Red fox in front of a Swedish house. Credit: Jonn Leffmann
Have nothing in your house that you do not know to be useful, or believe to be beautiful.
~ William Morris
Tiny house design forces you to consider every square inch. If you’re going to live in something smaller than a parking space, each structural element and object needs to be there for a reason. There’s not a lot of room for that broken vacuum cleaner gathering dust in the basement, that unused dining room, or that guilt-producing Wii fitness program that seemed like a good idea at the time.
As I’ve embarked on the design for my tiny house, I’ve thought a lot about the concept of spare. It’s an awesome word, one of those rare cases where it means both one thing as well as its opposite. Scant, frugal, economical, minimal, but also: being in excess of present need, to give or to lend without inconvenience or loss, such as “spare change” or “spare time”.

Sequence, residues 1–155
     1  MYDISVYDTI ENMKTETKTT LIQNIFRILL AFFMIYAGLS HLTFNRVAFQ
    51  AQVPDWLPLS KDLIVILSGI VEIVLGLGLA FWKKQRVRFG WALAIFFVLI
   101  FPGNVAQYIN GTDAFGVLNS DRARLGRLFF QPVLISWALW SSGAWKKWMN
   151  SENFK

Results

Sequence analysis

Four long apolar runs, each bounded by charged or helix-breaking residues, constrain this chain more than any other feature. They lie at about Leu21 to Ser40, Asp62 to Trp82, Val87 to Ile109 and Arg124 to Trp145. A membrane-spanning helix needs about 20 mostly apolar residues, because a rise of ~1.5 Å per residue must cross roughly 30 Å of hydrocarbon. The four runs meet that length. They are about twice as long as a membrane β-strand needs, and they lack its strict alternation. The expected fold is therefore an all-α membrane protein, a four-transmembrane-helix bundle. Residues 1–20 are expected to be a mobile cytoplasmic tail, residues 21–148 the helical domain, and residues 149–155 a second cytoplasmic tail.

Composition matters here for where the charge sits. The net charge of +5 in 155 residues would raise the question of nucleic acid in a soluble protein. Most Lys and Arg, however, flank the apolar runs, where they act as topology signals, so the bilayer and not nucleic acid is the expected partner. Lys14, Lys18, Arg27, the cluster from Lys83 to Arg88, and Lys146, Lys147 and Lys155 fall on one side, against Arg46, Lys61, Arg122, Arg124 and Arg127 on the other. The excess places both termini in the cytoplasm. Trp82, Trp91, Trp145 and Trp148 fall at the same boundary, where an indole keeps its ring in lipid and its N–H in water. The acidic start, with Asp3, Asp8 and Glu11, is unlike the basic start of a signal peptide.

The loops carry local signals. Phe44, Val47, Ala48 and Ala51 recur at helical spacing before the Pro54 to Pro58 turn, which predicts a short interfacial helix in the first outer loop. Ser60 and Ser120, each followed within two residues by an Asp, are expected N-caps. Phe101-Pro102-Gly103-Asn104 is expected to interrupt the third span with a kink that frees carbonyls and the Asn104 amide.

All of these meanings apply to tiny housers who downsize to small, simple dwellings, often built on very tight budgets. At the same time, without soul-crushing mortgages and high monthly utility bills, they have more time and money to pursue the lives and careers they really love, to connect with those they care about.
Even better is the obsolete word spareful. Last spotted in the 1913 edition of Webster’s Dictionary, it means prudent and restrained in the use of resources. Many tiny housers are motivated by a desire to leave a smaller footprint on the earth. Much thought is given to building highly efficient tiny green homes to reduce energy consumption and carbon production. Materials are selected based on the least chemicals and lowest environmental impact in their manufacture. Roadsides and salvage stores are scoured for siding, windows and other items that can be reused.
Let’s dust the cobwebs off spareful and give it the honor it deserves! Breaking it down into its component parts, spare + full, gives a glimpse of just how meaningful the word can be. The pop phrase “Less is More” is similar, but what does it really mean and how can it guide us in our design choices? Let’s plumb the depths a little. Continue reading →